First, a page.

Friday, February 29, 2008

Happy Leap Day!

Sincerely. Happy Leap Day! If you know me at all, you might think I am being disingenuous, sarcastic, or hypocritical by saying this. Not at all. Leap Day is the only day in popular culture that is an acknowledgement of our intellectual progress rather than of our stupidity. It is the only day that, while arbitrarily placed, does not exist arbitrarily.

The Earth rotates on its axis once a day, and travels around the Sun once every 365.256366 days. A year does not divide evenly into days. Therefore, if we held to a firm 365 days in a "human" year, our seasons would flip about every 700 years. To keep things stable, we insert an extra day every 4 years. But because the fractional portion is slightly larger than 0.25, we need to remove a few leap days once in a while. Every 400 years, we remove 3 leap days. 1700, 1800, and 1900 did not have leap days, and 2100, 2200, and 2300 will not. 1600 and 2000 did.

As humans, we have known about the day/year problem for thousands of years. How many people today do you think could explain the meaning of February 29th?


At 3:56 AM, Blogger Mikael Ölmestig said...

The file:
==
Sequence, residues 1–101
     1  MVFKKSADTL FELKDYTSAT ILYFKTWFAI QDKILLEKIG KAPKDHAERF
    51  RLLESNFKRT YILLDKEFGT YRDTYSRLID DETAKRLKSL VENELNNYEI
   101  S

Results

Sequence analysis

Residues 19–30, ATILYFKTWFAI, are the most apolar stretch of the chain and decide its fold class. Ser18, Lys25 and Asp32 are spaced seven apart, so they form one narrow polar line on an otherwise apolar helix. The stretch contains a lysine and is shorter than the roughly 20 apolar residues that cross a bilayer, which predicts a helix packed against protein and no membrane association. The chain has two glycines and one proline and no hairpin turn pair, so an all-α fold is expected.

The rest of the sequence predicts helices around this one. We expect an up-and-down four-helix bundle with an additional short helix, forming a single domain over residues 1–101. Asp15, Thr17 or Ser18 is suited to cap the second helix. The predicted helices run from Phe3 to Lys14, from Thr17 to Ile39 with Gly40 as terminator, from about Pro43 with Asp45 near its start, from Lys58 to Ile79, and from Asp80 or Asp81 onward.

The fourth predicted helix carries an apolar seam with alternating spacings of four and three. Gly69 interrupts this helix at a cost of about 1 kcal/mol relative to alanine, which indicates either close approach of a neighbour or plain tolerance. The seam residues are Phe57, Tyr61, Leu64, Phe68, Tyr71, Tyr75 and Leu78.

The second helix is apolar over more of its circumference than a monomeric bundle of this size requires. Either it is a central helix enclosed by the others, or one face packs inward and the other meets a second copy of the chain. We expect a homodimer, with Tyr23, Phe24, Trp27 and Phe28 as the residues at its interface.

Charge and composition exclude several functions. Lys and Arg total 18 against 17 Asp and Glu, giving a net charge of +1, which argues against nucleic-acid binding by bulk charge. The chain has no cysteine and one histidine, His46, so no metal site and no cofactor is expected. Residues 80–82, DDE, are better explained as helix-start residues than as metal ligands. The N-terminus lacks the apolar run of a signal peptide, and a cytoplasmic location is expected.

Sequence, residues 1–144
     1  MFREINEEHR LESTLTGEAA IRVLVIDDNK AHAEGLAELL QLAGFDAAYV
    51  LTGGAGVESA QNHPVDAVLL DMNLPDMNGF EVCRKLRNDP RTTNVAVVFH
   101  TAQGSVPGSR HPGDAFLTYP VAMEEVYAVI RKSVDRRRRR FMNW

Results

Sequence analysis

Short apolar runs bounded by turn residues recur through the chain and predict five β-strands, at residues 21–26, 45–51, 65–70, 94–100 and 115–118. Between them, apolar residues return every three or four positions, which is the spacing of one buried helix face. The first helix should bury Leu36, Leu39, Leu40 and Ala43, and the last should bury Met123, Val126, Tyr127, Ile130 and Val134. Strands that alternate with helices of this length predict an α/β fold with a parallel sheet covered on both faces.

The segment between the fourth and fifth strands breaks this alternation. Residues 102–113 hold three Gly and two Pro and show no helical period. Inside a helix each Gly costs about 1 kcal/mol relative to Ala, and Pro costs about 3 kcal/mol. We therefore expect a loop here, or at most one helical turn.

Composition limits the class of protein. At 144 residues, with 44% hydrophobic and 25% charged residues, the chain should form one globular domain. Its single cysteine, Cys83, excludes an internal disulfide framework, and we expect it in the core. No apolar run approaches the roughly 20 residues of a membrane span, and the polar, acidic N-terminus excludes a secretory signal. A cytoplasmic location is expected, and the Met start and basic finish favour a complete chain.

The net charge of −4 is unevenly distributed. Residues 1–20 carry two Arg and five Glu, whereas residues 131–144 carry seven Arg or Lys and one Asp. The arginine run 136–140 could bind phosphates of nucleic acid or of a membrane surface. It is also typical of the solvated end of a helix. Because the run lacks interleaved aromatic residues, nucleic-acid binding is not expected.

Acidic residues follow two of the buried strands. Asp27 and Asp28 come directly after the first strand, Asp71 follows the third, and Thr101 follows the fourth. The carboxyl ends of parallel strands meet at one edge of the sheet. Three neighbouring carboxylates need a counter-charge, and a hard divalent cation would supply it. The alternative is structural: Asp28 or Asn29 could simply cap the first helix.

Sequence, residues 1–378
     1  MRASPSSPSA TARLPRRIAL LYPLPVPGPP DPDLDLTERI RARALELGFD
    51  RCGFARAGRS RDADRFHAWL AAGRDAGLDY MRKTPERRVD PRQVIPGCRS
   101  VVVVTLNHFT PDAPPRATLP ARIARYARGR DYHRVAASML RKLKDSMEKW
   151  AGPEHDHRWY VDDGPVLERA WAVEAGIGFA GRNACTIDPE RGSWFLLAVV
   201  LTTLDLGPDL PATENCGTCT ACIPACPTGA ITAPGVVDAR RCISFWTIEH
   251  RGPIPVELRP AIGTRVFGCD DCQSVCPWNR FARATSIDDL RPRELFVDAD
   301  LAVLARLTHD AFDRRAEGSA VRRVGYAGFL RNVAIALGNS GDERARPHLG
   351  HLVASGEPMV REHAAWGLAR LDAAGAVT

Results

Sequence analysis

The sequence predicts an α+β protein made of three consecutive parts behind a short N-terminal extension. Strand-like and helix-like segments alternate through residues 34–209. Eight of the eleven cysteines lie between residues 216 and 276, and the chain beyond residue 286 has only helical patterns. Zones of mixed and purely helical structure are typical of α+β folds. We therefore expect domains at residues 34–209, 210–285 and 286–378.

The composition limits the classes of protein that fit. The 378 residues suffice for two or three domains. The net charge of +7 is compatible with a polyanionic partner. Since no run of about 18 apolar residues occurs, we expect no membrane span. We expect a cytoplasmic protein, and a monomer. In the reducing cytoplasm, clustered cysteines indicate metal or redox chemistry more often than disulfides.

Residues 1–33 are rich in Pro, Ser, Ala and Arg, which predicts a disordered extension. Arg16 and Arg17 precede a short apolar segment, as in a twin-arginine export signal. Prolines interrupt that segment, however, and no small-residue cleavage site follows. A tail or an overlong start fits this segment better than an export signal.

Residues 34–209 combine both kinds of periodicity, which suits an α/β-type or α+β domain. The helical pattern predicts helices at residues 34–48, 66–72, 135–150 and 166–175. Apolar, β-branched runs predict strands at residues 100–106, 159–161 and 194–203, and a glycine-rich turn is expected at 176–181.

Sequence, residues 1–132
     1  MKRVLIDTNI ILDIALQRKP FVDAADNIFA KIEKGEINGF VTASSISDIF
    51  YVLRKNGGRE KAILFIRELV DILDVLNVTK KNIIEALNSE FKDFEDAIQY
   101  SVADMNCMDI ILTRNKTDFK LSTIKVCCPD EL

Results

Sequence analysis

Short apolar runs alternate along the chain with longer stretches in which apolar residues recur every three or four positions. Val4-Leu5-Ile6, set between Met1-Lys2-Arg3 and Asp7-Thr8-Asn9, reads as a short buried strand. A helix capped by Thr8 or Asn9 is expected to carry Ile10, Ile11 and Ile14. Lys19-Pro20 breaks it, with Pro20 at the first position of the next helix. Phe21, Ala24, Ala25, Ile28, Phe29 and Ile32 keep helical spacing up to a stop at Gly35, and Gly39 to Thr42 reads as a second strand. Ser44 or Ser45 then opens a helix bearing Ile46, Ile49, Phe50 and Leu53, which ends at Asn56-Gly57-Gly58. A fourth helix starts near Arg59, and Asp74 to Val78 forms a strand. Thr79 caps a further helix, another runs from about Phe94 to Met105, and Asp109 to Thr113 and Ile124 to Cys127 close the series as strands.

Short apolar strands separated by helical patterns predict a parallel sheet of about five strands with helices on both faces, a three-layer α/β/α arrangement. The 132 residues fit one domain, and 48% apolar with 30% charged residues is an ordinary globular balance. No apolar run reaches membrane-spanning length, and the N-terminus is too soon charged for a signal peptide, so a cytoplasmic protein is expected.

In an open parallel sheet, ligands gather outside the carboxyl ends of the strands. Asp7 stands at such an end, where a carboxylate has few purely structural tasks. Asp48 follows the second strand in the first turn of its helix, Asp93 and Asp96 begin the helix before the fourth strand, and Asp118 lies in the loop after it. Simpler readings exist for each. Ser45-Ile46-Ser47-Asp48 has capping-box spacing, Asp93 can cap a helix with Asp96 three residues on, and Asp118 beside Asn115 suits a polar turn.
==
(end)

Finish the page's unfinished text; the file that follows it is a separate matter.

It is generally taught in school here in Sweden, but I don't know if people remember it. The seasons here has changed here anyway, now we seem to have autumn the year around. But that is another problem.

At 12:17 PM, Blogger Jeff said...

Since a year is 365.256366 days, shouldn't we have to ADD an extra leap day every 157 years instead of leaving one out every so often?

At 3:02 PM, Blogger ekted said...

Consider if you had a stick that was 12.1 inches long and you were measuring out yards. Every 10 sticks you would be adding an extra inch. Every 360 sticks you would be adding an extra yard.

At 9:01 AM, Blogger Jeff said...

Right. I understand why we have leap days.

But why do we skip having one occasionally, when EVERY year has that extra quarter-day that has to be accounted for? And when does that extra 0.006366 get accounted for? (I know the answer to that second one actually - we occasionally have 'leap minutes' that take care of it.)

At 9:06 AM, Blogger ekted said...

By removing 3 leap days every 400 years, we are removing about 10.8 minutes per year.

At 9:16 AM, Blogger Jeff said...

OK, found my answer at Wikipedia:

"However, some exceptions to this rule are required since the duration of a solar year is slightly less than 365.25 days."


Post a Comment

<< Home